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Israeli tech's Singapore connection
SINGAPORE may be emerging as a springboard for Israeli firms with a focus on artificial intelligence (AI) that are looking to tap Asia's rise in wealth and stature.
Take one of Israel's venture funding outfits, OurCrowd, which set up its first Asian office in Singapore in 2016. Since then, it has been hosting clients out of Asia - including from South-east Asia, Greater China, and Japan - at a steady clip, and plans to add more offices in Asia soon. This is relevant as according to Israeli data firm StartupHub.ai, OurCrowd is the most active investor in AI startups in Israel, with some 26 investments in total.
Denes Ban, managing director of Asia at Israel's equity venture crowdfunding platform OurCrowd, tells BT at the sidelines of OurCrowd's annual summit in Jerusalem in March that Asian investors are expected to make up the bulk of the platform's investor base in time.
As it is, flows from Asia have in the last couple of years made up more than half of the funding recently invested on their site. OurCrowd plans to raise between US$30 million and US$50 million with an Asian partner for its first Asia fund in the next 18 months. This Asia fund will draw funds from investors in Asia, and offer access to international tech companies, including those from Israel and Asia.
Partnering with banks offers Israeli startups a way in to tap Asia's burgeoning wealth. And this comes as Israel's AI startup ecosystem is blossoming, with more than 950 active startups using or developing AI technologies as at Aug 30, 2018, data from Israeli tech data firm StartupHub.ai showed.
Over the last five years, an average of 140 startups are established annually. AI startups raised close to US$2 billion in funds in 2017, up 70 per cent from 2016.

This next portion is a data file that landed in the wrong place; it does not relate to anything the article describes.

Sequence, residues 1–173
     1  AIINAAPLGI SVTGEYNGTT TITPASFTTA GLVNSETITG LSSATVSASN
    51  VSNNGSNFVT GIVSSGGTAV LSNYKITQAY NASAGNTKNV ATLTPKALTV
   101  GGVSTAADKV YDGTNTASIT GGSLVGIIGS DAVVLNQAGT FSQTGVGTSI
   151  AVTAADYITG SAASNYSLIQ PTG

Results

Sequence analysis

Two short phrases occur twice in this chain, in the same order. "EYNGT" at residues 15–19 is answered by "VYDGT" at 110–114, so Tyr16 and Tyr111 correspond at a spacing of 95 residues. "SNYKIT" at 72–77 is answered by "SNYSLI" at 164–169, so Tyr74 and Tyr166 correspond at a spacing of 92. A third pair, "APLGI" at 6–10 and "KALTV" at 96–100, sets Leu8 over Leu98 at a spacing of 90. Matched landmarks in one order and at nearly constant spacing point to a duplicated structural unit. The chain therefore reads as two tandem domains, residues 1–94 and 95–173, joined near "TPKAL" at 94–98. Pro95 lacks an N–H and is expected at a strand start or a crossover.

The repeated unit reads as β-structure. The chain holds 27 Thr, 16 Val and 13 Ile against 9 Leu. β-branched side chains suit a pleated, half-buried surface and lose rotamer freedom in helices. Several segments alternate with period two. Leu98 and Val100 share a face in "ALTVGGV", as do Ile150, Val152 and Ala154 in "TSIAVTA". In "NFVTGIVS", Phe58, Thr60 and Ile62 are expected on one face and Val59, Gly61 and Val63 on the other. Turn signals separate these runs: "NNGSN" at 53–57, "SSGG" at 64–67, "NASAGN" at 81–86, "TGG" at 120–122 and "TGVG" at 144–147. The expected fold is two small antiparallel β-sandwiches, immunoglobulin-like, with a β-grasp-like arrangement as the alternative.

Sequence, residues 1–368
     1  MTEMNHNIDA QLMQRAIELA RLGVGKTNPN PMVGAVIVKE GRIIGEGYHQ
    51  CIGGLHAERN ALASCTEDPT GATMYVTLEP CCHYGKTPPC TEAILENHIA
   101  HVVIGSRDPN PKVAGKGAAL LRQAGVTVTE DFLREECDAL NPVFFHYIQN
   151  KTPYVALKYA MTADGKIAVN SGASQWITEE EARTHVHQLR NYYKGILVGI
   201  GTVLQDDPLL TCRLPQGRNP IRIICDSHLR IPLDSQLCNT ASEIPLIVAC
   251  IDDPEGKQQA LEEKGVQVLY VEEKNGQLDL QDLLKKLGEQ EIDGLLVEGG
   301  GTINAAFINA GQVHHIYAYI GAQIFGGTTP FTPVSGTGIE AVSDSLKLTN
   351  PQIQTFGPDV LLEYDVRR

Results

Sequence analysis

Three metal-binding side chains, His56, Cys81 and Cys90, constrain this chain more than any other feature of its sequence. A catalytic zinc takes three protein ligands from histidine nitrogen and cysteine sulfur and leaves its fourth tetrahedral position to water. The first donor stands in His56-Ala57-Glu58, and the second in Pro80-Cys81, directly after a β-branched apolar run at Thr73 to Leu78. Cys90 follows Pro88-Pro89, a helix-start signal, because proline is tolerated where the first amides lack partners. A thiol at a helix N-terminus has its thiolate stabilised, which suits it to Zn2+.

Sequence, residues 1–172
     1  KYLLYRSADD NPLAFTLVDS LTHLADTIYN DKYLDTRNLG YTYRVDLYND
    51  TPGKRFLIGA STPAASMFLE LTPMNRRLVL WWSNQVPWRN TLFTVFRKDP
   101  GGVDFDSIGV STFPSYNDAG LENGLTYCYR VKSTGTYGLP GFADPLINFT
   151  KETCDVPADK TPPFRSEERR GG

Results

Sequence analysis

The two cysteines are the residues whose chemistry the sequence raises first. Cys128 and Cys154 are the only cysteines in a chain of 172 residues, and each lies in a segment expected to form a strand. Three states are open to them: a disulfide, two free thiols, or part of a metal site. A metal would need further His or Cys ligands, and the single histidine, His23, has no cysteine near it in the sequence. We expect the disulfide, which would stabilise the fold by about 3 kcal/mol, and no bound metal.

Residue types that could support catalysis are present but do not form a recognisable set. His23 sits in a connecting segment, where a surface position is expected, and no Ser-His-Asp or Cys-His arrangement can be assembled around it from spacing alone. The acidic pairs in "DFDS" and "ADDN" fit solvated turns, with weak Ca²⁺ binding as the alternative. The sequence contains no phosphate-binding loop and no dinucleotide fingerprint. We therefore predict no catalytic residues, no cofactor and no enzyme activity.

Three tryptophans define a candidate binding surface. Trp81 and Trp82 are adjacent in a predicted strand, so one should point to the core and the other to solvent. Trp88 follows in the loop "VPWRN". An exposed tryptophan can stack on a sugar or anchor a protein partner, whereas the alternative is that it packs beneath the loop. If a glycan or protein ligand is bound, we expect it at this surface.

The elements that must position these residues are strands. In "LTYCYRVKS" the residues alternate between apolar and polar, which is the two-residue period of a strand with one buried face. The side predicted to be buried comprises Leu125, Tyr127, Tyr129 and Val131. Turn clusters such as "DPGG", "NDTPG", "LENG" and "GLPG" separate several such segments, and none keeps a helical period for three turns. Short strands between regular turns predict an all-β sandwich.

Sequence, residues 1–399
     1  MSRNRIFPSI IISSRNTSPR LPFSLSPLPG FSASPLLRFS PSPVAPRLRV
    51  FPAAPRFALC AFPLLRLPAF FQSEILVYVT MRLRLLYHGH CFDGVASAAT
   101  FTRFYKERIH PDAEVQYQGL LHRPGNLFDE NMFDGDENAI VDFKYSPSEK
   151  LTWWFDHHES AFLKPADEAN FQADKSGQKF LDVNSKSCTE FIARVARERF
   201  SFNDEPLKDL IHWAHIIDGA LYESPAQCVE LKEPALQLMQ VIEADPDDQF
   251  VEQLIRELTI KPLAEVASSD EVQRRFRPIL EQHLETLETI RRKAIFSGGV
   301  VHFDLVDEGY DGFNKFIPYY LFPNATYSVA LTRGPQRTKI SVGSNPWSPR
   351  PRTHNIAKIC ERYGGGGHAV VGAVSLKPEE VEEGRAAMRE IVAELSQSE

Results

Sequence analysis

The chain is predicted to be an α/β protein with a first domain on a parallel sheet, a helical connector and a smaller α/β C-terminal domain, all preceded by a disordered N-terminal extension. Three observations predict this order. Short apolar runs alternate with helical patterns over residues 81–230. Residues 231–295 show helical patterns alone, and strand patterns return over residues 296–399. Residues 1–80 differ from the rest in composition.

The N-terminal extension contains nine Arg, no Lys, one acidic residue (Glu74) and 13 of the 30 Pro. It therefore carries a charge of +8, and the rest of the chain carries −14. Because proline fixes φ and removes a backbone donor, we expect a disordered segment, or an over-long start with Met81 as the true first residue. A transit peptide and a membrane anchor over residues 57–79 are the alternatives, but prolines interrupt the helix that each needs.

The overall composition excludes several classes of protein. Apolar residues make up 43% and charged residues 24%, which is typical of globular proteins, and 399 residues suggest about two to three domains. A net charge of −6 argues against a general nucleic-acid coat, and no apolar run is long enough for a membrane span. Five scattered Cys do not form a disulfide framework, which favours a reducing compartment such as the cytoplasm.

OurCrowd founder and CEO Jon Medved told media at its summit that Israel and China today are among the top global locations building out AI. And AI is rapidly emerging as an essential sector, both in terms of today's business needs and where investors want to bank their money. "If you want to get venture capital, mention AI. In fact, if you don't have AI as part of your pitch, you're sort of in trouble," he had said.
While not directly comparative, a Tsinghua University report as cited by South China Morning Post showed that China's AI market was worth some US$3.55 billion in 2017, in itself up 67 per cent from the year before.
Against this backdrop, banks in Singapore are keen to work with Israel firms, tapping their expertise in screening and developing technology offerings. OurCrowd meanwhile has worked its way through Asia by partnering a local bank in each Asian country, with UOB as its Singapore choice in 2016.
The benefits work in two ways: banks are keen to work with Israeli firms directly to raise their game by using data, fending off competition from Big Tech. Banks here can also tie up with players such as OurCrowd to help its Asian business clients source for new ideas in restructuring their traditional businesses for Industry 4.0, as well as invest in tech outfits that may take off in this new data economy.